Vince also goes through the new Microsoft Team tools and talks about some of their history and gives us a peek into whats coming up in future releases of these tools. The toolset looks really interesting and it seems as though Microsoft is actually taking the tools they have been using internally for years and productionizing them for release for others to use to manage the building of software in their environment. I guess time will tell as to whether these tools will be useful, but I liked the preview that Vince provides.

Some things I didn’t like about the book: Lots of focus on VSS, as apparently this tool is still used quite a bit at Microsoft. VSS has never been a valid revision control system to me and some of the techniques Vince talks about (like cloning trees and detaching them from the mainline for release branching) just struck me as inefficient. In my experience, as you fix bugs on a release branch, these changes have to be merged into the next release of the software (except in extreme cases where the next product is a completely different codebase like Windows XP vs. Windows 98) and this approach send you back to manual merge type of situations rather than merging between trees.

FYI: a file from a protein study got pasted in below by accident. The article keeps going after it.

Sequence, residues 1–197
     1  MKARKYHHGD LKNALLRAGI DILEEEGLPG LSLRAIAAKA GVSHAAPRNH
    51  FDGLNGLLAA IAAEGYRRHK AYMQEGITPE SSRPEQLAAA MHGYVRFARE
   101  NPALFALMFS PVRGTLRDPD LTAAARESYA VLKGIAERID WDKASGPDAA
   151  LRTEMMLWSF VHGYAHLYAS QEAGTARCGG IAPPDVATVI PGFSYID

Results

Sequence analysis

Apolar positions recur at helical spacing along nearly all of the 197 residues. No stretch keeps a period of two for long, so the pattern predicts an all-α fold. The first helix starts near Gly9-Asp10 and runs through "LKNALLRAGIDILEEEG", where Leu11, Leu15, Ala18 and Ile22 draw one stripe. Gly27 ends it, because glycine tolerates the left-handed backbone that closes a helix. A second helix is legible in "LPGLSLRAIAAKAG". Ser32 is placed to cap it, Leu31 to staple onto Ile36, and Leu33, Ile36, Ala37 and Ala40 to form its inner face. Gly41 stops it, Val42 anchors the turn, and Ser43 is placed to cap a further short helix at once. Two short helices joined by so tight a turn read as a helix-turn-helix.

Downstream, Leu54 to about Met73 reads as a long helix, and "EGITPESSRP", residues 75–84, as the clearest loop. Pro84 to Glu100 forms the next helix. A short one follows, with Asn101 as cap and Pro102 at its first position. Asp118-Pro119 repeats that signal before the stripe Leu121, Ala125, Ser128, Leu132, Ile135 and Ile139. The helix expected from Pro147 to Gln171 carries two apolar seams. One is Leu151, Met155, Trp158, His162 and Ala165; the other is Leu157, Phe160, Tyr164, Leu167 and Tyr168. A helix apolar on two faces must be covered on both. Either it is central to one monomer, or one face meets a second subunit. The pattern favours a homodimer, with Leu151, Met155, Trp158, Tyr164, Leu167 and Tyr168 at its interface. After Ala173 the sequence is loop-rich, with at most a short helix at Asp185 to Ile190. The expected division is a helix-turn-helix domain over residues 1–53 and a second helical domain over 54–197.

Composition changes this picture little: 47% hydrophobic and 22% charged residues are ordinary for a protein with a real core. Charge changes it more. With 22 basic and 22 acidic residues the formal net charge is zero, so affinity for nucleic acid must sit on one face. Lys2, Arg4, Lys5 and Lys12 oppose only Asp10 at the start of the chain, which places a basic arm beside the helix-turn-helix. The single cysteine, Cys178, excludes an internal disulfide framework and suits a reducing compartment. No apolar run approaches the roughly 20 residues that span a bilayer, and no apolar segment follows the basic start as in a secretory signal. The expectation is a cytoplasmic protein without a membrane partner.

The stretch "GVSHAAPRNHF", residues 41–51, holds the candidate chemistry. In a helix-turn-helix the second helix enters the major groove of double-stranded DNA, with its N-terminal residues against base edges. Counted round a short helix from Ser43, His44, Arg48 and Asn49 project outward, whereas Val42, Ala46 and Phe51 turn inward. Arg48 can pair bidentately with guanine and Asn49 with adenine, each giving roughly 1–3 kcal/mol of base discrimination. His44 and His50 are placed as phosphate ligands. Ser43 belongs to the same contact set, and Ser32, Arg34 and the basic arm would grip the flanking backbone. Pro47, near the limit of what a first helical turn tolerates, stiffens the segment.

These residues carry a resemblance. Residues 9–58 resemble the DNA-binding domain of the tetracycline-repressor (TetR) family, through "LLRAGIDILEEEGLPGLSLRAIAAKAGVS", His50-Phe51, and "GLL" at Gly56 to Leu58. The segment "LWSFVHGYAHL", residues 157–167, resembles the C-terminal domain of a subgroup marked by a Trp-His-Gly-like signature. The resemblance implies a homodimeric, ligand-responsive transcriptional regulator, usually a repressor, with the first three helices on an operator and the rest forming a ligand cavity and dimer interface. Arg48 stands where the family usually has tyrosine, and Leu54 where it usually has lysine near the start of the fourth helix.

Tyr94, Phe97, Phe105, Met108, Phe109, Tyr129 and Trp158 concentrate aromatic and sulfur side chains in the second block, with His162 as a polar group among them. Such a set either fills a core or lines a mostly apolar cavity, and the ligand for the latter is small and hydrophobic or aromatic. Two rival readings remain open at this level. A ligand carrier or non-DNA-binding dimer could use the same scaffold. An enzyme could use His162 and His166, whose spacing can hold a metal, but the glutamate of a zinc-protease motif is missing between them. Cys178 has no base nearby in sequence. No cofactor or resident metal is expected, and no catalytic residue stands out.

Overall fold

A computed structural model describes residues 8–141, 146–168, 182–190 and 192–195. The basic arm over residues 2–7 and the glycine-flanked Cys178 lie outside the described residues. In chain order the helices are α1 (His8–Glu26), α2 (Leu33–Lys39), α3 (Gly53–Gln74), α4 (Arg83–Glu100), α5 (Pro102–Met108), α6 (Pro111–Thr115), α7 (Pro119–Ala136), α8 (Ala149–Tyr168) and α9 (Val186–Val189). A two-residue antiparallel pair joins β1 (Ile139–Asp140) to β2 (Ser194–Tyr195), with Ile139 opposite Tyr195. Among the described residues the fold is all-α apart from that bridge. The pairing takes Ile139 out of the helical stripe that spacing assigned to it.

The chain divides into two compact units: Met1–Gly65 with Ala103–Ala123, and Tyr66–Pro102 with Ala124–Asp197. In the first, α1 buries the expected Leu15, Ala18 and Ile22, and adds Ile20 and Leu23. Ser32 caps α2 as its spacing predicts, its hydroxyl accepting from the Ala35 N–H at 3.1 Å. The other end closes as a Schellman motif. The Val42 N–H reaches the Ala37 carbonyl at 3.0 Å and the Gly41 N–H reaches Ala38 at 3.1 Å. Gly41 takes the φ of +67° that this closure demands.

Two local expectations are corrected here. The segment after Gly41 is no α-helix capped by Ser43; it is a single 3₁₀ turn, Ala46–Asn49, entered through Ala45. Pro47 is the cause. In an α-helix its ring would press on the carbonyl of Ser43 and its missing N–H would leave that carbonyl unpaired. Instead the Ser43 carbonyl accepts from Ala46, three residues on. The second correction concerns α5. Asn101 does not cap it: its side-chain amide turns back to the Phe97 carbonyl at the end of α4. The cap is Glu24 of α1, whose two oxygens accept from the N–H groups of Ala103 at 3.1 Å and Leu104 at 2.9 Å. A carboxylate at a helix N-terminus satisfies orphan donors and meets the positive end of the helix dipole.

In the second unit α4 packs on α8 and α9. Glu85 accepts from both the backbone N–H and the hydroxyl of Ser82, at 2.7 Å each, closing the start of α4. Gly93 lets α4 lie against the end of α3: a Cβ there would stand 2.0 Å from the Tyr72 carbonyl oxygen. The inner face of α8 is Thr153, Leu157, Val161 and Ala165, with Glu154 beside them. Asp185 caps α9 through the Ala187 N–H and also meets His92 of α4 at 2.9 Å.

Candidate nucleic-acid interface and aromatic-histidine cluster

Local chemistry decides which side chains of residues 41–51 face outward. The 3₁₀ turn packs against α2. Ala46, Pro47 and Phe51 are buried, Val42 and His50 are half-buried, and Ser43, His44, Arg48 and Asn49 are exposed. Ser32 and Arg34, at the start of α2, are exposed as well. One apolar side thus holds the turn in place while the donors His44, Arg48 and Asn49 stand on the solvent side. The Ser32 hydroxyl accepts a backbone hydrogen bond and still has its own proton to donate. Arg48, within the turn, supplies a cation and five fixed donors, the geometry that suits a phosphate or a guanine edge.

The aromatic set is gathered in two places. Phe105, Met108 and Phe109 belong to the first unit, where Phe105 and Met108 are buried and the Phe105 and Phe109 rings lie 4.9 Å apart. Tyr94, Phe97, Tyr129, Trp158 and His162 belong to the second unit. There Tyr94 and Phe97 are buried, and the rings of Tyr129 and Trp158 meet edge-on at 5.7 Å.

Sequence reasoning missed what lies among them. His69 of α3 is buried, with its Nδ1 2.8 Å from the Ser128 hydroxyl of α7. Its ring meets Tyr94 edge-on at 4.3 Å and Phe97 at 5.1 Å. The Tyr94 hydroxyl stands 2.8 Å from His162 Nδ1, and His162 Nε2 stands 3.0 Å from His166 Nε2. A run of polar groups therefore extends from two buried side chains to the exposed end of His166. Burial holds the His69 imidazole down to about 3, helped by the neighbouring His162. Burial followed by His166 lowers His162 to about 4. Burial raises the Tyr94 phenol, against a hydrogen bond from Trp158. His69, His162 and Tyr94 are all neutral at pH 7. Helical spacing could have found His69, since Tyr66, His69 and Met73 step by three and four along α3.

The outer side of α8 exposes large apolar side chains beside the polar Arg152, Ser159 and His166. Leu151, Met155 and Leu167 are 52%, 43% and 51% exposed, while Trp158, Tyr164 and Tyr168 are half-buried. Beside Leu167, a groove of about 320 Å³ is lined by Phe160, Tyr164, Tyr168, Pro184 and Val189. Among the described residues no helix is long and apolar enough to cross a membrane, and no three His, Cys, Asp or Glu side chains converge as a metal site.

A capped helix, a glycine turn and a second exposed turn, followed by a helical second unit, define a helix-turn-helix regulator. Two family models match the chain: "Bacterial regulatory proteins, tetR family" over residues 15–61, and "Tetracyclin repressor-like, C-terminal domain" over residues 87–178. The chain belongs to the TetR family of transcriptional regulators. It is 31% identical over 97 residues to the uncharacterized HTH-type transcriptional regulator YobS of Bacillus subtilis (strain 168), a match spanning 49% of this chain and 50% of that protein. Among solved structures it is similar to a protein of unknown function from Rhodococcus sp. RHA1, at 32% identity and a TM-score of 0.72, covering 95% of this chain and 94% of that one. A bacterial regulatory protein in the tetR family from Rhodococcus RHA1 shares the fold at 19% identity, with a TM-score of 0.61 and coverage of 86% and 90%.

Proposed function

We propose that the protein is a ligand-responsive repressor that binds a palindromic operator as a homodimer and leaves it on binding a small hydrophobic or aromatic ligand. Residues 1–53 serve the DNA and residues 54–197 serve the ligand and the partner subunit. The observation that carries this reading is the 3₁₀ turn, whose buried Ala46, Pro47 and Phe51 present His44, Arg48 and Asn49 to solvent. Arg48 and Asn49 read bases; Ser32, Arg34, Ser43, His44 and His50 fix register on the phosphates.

Overall though, this book is full of really great information. At the very least, you get a glimpse into the change management processes used in a very large company and an appreciation for the scale of a company like Microsoft and the problems they can have releasing software. You also get a good glimpse at the new tool sets coming from the Microsoft teams, which do sound quite interesting.

Just to give you an idea for the amount of information provided, take a look at this chapter breakdown of the book:

  1. Defining a Build
  2. Source Tree Configuration for Multiple Sites and Parallel (Multi-Version) Development Work
  3. Daily, Not Nightly, Builds
  4. The Build Lab and Personnel
  5. Build Tools and Technology
  6. SNAP Builds – aka Integration Build
  7. The Build Environment
  8. Versioning
  9. Build Security
  10. Building Managed Code
  11. International Builds
  12. Build Verification Tests and Smoke Tests
  13. Building Setup
  14. Ship It!
  15. Customer Service Support
  16. Managing Hotfixes and Service Packs
  17. Suggestions Change Your Corporate or Group Culture
  18. Future Build Tools from Microsoft

There are also four appendices: Embedded Builds, Extreme Programming (where Vince talks about Microsofts experiences in researching XP), Testing Guide, and Debug Symbols.

As an added bonus, the book is full of what Vince calls “Microsoft Sidenotes”, in which he uses real life situations at Microsoft to illustrate some of the points he is trying to make.

Overall, great book. There’s a lot of information to digest here. I’m definitely taking this one in and passing it around my team for review.

Head First HTML with CSS & XHTML